One of the great joys of Bible study is finding words and phrases which have great truths but which can so easily be overlooked. Read the following verse, and see if you may have overlooked one of the “hidden” truths. “Though He was a Son, yet He learned obedience by the things which He suffered. And having been perfected, He became the author of eternal salvation to all who obey Him” (Heb. 5:8-9). He learned obedience! Obedience is not something which happens accidently, it must be learned.
There is no doubt that Jesus came into the world to do the will of God (Heb. 10:7). Because our High Priest was tempted in every way in which we are, He had to learn that which we learn—He had to learn to obey.
When He taught His disciples how to pray, He included the petition, “Your will be done on earth as it is in heaven.” He explained to His followers why He behaved the way He did by saying, “I always do those things which please Him” (John 8:29). Facing the horrendous agony of Gethsemane and Golgotha, He prayed, “Nevertheless, not My will, but Yours be done” (Luke 22:42). His great commission showed the importance of His followers learning to obey. “Make disciples…teaching them to observe all things” (Matt. 28:19-20).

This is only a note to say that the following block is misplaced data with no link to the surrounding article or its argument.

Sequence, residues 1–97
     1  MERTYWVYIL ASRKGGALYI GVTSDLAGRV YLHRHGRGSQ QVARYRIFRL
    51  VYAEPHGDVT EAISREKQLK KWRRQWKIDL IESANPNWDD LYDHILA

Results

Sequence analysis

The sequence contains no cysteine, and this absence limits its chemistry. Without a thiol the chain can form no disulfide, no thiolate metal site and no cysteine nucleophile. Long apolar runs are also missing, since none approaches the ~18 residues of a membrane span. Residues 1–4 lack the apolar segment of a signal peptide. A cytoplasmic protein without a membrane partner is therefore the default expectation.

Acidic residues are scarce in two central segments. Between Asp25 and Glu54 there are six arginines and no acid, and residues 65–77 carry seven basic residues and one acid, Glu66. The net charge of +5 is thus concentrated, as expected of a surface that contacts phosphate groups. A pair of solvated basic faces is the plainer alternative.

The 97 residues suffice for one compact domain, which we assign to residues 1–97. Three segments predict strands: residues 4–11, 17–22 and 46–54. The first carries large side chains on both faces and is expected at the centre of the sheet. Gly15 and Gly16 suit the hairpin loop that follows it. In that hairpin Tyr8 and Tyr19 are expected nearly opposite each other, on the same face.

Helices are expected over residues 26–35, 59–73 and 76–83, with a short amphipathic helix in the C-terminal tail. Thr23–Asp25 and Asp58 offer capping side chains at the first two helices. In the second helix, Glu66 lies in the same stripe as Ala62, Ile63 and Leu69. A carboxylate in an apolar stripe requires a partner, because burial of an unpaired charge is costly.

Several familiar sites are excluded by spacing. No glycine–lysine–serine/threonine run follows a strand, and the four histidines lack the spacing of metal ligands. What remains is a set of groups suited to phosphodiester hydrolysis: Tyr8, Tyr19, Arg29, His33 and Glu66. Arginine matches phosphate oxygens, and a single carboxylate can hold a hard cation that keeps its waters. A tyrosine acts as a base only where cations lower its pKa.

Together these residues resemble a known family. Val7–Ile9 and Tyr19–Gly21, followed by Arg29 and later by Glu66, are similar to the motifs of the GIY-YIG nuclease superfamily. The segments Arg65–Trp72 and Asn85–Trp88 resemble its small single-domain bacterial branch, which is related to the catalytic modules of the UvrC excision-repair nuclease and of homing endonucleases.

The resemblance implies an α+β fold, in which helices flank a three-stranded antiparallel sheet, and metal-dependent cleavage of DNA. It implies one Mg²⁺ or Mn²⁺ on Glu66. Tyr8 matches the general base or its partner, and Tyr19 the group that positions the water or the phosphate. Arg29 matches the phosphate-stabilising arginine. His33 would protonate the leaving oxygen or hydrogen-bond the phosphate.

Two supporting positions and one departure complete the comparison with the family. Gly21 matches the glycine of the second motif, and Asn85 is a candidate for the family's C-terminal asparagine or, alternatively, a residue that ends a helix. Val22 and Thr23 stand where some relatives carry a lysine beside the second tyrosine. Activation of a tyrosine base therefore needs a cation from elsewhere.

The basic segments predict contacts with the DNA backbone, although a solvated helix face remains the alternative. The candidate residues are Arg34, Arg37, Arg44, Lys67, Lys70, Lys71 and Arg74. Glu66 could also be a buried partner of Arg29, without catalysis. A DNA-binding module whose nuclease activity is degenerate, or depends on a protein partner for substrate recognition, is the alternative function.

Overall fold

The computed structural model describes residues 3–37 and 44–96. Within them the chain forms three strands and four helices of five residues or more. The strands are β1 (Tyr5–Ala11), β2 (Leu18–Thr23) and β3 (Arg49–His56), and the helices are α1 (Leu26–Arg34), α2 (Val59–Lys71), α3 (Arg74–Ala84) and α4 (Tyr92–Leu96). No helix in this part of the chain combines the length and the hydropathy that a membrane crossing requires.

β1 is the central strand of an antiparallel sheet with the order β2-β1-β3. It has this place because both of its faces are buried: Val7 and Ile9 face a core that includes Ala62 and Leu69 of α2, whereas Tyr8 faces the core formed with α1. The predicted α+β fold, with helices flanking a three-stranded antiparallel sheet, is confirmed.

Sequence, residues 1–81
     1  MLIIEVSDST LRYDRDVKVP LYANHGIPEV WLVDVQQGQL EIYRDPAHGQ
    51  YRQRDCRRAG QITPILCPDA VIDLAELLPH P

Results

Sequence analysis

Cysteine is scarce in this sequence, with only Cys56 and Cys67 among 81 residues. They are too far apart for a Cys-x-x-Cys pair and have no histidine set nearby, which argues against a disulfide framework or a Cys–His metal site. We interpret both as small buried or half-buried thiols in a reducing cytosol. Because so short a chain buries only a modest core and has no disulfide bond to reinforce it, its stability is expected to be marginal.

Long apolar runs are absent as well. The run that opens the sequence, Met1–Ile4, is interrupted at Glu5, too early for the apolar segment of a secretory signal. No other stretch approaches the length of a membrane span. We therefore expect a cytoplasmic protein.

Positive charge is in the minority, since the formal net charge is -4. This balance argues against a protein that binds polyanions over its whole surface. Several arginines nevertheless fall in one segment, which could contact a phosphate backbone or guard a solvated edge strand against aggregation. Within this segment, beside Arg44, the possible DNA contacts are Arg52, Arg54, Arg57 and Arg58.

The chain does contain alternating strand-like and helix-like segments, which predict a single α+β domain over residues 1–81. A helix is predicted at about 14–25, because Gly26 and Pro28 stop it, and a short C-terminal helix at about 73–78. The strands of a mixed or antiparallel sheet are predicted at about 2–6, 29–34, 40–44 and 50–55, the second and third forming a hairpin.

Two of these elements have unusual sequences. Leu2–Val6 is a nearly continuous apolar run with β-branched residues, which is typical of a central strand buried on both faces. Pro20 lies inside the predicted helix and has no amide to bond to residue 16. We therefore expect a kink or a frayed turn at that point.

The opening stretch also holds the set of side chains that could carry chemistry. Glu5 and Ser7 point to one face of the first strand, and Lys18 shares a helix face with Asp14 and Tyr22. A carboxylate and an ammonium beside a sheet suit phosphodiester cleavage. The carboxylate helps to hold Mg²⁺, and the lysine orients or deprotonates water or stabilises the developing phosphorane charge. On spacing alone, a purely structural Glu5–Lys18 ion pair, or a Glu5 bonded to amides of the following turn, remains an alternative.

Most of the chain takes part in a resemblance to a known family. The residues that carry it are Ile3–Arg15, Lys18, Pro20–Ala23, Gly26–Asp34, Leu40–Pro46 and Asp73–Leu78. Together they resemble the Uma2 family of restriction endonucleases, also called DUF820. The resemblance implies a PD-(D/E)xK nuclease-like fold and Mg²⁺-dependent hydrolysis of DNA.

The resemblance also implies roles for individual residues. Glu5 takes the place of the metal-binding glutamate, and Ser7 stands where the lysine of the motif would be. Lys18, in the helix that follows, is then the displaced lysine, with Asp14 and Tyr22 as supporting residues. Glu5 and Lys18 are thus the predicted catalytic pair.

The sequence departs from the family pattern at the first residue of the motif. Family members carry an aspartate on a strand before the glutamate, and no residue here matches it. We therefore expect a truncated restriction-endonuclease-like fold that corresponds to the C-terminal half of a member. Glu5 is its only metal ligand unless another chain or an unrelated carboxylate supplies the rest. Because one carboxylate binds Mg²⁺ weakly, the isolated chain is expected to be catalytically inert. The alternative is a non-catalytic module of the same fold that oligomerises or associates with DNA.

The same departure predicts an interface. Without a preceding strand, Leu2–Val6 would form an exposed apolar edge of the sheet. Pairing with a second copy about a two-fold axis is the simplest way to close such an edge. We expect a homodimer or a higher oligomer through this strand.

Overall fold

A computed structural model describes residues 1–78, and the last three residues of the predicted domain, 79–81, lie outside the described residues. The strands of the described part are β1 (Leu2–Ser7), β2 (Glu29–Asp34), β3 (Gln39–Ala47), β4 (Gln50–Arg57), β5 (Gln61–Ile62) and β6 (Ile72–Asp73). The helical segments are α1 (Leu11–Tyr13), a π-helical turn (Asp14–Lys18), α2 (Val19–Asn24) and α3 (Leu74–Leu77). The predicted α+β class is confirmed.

One mistake I see so many young parents make is failing to teach them obedience. That obedience is important is seen in the prominence given to it in the Ten Commandments. “Honor your father and your mother as the Lord has commanded you….that it may be well with you” (Deut. 5:16). This command is placed above those about murder and adultery. Yet, far too many young parents do not see this. Honoring and obeying parents will not happen naturally, it must be learned.
The modern philosophy about dealing with children is distraction. When a child is told to do something, and he shows displeasure, parents are being taught to distract them or bribe them in some fashion. What happens at that time is the children may be distracted and conflict is avoided, but that child did not learn obedience.
This lesson about obedience is learned best when the child is very young. In the first year of a child’s life, he can learn the meaning of the word “No.” He must learn this, for the world does not revolve around the child; he will not always get his way. That lesson must be learned early and repeatedly emphasized as the child grows. He will learn parents’ rules (and God’s) must be obeyed. Wait until he is a teen to teach this, and he will likely be unmanageable.
Jesus learned obedience. Parents, set guidelines and use the conflict to teach them what Jesus had to learn!